Despite the rumors of hordes of hip programmers starting million-dollar businesses from their kitchen tables, only a small minority of developers actually make a living by creating their own apps, according to surveys and experts....

[One survey] indicated what many people had suspected: the app world is an ecology weighted heavily toward a few winners. A quarter of the respondents said they had made less than $200 in lifetime revenue from Apple. A quarter had made more than $30,000, and 4 percent had made over $1 million. -- NYT

posted by dhartung at 9:44 PM on May 5, 2013 [1 favorite]

I know a lot of americans and europeans in Buenos Aires who have or are doing this. There are some pretty cheap coworking spaces near hostels. BA is VERY cheap right now if you have any dollars due to the bizarre dual-currency conversion policy. Its easy to find places to work and people to hang out with.
posted by carlodio at 6:50 AM on May 6, 2013 [1 favorite]

Have you thought of short-term apartment subletting at market rates in slightly rural or otherwise economically depressed areas in neat countries?

The per-day cost would approach reasonableness. A $500 per month apartment, which would be private and way nicer than a hostel, works out to about $17 per day. Get the apartment somewhere in rural France, Spain, or urban Costa Rica, and as long as there is wifi and a grocery store in walking distance, you're made in the shade.

12 months @ $500 per = $6,000 for shelter, plus maybe $200 per month for food and entertainment, gives you a year of travel (minus transportation) for $8,400, which you may be able to save up in no time at all. If you stick to Europe, cheap flights with a single carry on bag mean you can hop from country to country for less than $100 per trip.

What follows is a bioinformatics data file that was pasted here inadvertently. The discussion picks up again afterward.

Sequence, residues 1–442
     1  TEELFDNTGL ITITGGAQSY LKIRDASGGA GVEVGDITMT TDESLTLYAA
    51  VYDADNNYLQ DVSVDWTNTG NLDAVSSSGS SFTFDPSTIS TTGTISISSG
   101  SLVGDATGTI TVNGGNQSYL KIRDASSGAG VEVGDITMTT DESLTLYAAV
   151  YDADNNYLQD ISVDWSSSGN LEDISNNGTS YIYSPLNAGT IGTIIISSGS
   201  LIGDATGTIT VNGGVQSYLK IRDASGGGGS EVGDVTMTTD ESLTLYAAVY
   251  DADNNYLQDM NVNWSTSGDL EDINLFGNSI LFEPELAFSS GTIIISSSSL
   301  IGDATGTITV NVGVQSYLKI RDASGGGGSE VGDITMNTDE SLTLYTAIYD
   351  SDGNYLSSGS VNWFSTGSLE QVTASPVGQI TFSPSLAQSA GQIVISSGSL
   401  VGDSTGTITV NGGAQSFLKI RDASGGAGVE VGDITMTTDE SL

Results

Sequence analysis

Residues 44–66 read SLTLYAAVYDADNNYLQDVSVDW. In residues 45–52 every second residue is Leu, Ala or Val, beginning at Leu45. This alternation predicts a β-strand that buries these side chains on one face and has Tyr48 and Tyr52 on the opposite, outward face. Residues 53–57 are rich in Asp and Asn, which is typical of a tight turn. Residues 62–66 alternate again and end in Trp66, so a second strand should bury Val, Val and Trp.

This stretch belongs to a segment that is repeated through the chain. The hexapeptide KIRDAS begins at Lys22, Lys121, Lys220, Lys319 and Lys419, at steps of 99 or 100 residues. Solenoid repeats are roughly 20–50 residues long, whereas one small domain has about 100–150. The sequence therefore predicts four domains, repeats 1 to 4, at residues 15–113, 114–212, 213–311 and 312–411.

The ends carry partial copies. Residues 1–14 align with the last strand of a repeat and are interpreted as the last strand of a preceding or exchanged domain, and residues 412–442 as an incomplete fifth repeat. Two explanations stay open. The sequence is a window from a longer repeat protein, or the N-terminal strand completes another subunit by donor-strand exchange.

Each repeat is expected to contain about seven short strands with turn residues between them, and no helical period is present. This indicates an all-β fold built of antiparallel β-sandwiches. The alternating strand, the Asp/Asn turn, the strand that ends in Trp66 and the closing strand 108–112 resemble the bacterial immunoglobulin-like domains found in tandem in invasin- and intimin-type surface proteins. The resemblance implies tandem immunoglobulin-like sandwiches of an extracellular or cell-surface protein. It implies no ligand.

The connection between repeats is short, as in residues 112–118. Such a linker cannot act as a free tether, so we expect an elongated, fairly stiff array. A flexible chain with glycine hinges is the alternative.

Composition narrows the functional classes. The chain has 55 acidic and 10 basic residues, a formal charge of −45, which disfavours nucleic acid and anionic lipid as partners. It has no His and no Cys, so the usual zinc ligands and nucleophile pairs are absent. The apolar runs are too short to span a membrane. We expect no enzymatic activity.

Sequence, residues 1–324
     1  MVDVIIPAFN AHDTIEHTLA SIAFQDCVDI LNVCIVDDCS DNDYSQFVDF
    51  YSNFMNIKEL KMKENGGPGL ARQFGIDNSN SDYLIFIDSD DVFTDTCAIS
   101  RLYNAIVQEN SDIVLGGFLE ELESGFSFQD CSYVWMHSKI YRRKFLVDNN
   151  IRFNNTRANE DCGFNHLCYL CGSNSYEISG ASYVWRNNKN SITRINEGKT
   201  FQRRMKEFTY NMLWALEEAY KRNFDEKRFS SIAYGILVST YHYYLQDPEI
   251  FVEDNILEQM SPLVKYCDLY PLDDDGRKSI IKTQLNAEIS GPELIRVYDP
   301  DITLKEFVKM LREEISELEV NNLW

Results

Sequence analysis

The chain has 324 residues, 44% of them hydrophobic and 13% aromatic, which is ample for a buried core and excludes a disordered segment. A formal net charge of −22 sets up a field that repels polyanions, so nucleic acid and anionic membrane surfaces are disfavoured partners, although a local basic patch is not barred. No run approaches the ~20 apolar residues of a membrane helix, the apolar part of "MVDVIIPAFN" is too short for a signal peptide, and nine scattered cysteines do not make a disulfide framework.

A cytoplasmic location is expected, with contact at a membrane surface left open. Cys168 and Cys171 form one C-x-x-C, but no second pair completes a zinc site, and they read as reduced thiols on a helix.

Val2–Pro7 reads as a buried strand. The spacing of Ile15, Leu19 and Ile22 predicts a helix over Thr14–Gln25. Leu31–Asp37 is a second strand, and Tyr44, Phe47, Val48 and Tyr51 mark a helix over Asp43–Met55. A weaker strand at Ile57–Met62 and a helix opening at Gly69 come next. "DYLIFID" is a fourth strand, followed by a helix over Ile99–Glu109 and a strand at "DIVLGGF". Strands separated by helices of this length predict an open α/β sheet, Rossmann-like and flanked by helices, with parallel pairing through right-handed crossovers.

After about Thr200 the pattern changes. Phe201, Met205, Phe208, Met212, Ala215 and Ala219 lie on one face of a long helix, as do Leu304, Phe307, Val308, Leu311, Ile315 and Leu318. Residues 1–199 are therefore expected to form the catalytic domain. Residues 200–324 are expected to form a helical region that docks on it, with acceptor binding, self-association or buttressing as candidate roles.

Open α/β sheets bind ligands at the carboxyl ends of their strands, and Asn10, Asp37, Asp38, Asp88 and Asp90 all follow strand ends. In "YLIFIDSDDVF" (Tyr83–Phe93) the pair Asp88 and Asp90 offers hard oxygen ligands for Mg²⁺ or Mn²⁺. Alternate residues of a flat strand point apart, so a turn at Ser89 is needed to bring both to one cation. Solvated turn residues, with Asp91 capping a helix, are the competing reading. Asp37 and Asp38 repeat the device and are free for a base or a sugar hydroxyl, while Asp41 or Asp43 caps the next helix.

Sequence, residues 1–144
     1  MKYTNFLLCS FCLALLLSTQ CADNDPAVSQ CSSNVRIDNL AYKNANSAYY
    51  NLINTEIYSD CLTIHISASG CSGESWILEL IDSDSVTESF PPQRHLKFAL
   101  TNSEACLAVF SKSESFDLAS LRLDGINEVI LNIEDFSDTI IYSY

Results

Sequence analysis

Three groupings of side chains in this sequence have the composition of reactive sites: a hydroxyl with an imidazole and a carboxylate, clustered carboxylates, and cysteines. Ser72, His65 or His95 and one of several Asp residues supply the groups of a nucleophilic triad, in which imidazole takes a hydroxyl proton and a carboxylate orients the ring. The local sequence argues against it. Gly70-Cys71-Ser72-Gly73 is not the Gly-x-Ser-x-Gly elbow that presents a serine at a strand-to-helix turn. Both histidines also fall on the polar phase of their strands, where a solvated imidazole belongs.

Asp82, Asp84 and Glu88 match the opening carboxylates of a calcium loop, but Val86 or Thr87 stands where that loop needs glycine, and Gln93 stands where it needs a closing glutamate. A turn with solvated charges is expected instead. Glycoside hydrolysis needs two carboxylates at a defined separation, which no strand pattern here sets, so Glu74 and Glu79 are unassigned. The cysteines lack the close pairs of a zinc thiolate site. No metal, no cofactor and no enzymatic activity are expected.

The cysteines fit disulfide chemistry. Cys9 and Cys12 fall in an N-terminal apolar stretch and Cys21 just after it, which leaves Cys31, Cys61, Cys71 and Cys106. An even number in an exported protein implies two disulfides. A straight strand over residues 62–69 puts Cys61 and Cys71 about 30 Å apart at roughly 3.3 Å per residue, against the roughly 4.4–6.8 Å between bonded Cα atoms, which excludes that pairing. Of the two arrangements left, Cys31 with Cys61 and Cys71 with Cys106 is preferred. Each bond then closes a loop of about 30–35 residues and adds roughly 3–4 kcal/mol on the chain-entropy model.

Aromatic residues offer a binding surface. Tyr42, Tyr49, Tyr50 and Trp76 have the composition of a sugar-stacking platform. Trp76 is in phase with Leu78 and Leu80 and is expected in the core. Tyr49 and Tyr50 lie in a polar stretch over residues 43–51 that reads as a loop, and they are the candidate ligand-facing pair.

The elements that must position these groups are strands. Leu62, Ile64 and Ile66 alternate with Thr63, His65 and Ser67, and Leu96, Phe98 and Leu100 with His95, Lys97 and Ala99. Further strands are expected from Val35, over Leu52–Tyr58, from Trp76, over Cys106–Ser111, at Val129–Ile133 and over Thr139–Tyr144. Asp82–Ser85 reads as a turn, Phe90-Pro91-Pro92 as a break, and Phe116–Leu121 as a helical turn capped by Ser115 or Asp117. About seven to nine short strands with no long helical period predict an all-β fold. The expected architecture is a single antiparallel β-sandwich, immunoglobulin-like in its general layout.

You could also check out air b&b and see if anyone there would do a long-term rental to you for a reduced and reasonable price. I probably would be willing to offer a steep discount for guaranteed occupancy, were I running such a place.

Finally, there is something called the Caretaker's Gazette. If lists caretaker opportunities that generally require a small number of hours doing handyman work in return for free room and board and/or a stipend. Some of the offers are clearly a bad deal (a cheap property owner looking for free labor), others require that you have your own RV, etc., but there is a broad spectrum and occasionally you see one that just looks perfect: a rich person wants someone to live in their summer home and make sure the mailbox doesn't fill up and the cat gets fed, for example, while they go skiiing in the alps for a month. Or they need someone to live on their yacht docked in some exotic port during the Summer months and scare off the monkeys.
posted by jsturgill at 8:49 AM on May 6, 2013 [3 favorites]

Yes, I know a couple who did exactly that. They typically did longer term stays, like a month in each place. One of their iPhone apps did hit it big... real big. They ended up settling into a nice beach town after a year+ of wandering around.

I can't speak to development type stuff, but I move every 1-3 months or so and travel quite a bit and manage to keep a business afloat. So I can tell you tricks of the trade to keep yourself working and balance life while on the move. And how to make the most of it. Feel free to PM me with specific questions or to just make a likeminded contact.
posted by letahl at 9:19 AM on May 6, 2013 [1 favorite]